Friday, February 21, 2014

Austrian Economics and the $19 Billion Acquisition of WhatsApp by Facebook

One major way in which the Austrian School of Economics differs from mainstream economics is in the Austrian approach to the proper methodology for use in the study of economics. Rather than approach all of economics from the perspective of general equilibrium, where the whole of economics is nothing more than the working out of equations based on known inputs, Austrians recognize that uncertainty plays an important role in human action.

The great Austrian economist Ludwig von Mises wrote:
The uncertainty of the future is already implied in the very notion of action. That man acts and that the future is uncertain are by no means two independent matters. They are only two different modes of establishing one thing[...]

Natural science does not render the future predictable. It makes it possible to foretell the results to be obtained by definite actions. But it leaves unpredictable two spheres: that of insufficiently known natural phenomena and that of human acts of choice[...] the degree of certainty with regard to the technological outcome of the machine's construction, whatever it may be, does not remove the uncertainty inherent in the whole action. Future needs and valuations, the reaction of men to changes in conditions, future scientific and technological knowledge, future ideologies and policies can never be foretold with more than a greater or smaller degree of probability. Every action refers to an unknown future. It is in this sense always a risky speculation.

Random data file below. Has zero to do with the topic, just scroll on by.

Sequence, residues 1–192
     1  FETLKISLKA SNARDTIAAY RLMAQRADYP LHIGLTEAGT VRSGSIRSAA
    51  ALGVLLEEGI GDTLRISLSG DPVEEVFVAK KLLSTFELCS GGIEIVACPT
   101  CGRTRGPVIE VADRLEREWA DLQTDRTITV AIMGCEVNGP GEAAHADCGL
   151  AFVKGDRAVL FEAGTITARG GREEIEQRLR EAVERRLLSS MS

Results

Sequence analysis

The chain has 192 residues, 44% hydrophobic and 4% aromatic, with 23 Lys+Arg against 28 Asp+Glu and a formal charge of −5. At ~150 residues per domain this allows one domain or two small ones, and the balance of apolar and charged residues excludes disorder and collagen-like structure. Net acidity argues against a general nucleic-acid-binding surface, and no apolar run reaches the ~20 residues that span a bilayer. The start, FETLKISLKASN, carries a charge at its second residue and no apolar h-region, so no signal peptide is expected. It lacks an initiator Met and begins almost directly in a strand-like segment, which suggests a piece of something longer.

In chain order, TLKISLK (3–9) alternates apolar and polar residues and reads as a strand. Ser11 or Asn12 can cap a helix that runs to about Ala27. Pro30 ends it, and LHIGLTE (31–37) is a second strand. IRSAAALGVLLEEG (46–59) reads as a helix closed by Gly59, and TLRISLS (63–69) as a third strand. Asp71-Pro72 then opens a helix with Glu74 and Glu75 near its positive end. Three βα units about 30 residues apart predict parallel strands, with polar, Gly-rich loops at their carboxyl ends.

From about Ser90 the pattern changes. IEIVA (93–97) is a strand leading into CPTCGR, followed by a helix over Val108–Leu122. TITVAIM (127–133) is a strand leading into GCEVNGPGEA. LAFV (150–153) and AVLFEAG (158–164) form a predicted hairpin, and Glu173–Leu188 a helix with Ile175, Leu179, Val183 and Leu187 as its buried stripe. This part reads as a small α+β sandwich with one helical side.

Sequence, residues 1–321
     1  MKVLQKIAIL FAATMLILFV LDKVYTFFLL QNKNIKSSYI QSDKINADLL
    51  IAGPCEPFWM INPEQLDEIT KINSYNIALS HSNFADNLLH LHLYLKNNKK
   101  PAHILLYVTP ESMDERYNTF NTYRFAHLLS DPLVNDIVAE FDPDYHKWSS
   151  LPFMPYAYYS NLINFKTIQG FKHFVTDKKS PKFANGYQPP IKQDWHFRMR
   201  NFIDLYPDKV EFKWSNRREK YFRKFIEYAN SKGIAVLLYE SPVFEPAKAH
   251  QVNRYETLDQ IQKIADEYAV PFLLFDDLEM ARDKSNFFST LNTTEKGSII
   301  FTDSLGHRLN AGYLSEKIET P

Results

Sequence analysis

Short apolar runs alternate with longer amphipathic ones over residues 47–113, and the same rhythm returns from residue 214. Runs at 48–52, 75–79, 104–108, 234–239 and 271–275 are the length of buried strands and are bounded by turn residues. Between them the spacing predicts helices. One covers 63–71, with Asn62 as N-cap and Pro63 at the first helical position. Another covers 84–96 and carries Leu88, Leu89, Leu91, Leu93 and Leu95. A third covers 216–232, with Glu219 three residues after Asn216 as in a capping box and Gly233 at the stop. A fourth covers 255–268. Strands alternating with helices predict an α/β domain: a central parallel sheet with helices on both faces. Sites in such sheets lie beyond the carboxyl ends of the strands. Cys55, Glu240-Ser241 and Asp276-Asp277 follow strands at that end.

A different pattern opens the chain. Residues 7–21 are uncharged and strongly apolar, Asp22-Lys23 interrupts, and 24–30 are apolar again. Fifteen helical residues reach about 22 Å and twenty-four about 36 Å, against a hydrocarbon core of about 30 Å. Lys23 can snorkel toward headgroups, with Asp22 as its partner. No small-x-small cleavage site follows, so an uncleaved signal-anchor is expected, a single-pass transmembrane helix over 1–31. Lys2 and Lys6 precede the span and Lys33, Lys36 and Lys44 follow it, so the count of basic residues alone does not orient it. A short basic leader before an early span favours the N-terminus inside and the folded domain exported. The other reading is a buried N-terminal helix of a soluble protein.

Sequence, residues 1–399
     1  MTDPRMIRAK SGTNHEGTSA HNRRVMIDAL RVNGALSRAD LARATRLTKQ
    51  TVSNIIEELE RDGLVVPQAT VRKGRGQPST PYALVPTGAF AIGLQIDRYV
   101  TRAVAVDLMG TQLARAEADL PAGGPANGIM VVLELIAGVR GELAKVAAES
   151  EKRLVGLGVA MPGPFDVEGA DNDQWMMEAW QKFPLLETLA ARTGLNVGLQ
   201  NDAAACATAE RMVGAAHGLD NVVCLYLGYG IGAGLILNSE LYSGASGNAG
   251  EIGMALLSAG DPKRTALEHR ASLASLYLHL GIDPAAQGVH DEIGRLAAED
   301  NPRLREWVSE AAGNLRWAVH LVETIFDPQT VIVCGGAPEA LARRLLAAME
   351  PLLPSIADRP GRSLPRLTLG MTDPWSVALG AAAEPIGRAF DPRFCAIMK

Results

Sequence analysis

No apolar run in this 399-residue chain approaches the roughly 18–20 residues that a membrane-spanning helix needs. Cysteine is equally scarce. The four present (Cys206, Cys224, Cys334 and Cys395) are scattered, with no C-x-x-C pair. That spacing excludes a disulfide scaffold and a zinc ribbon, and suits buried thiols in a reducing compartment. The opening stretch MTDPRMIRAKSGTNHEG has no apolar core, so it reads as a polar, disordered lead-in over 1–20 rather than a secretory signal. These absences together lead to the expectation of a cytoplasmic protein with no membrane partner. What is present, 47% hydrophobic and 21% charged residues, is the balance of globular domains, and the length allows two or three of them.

What does this have to do with the acquisition of of WhatsApp by Facebook for $19 billion?

At its launch WhatsApp was far different from what WhatsApp is today. WhatsApp management did not immediately see where the most potential was for its product. In other words, there was uncertainty at the launch of WhatsApp that an Austrian economist could appreciate. An uncertainty that had put WhatsApp on a slow growth track that was only changed as a result of strong demand indications from  another direction. It was the alertness of management to where the opportunity really was that finally put it on its spectacular growth curve.

Politico explains (my emphasis)
[WhatsApp] boasts 450 million monthly users, and 70 percent of them use it daily, according to The Associated Press. One million new users join each day. WhatsApp users send 19 billion messages and receive 34 billion messages each day, along with 600 million photos and 100 million video messages[...]The messaging feature was secondary at first: The app was originally envisioned as a service that would allow people who can’t get a hold of you to see your status. WhatsApp took off when it added the messaging feature in late 2009, according to Gigaom.
Got that? The feature that would turn WhatsApp into a company valued at $19 billion was not even part of the foundational blueprint of WhatsApp. Talk about uncertainty. That's why it is absurd for economists to make broad statements that there will be no major technological advances to come out in the future. This type proclamation ignores the uncertainty factor involved in the future.

There is also a lesson here for all businessmen who are dealing with a business or product that is stagnating. Improvise, try new things, offer other products within the framework of your current business. You never know when such an improvisation will become a $19 billion idea.

1 comment:

  1. The other thing to think about is that Facebook paid roughly $60/user. A Japanese company made a similar purchase and paid only $3/user. Hmmmm, signs of a top?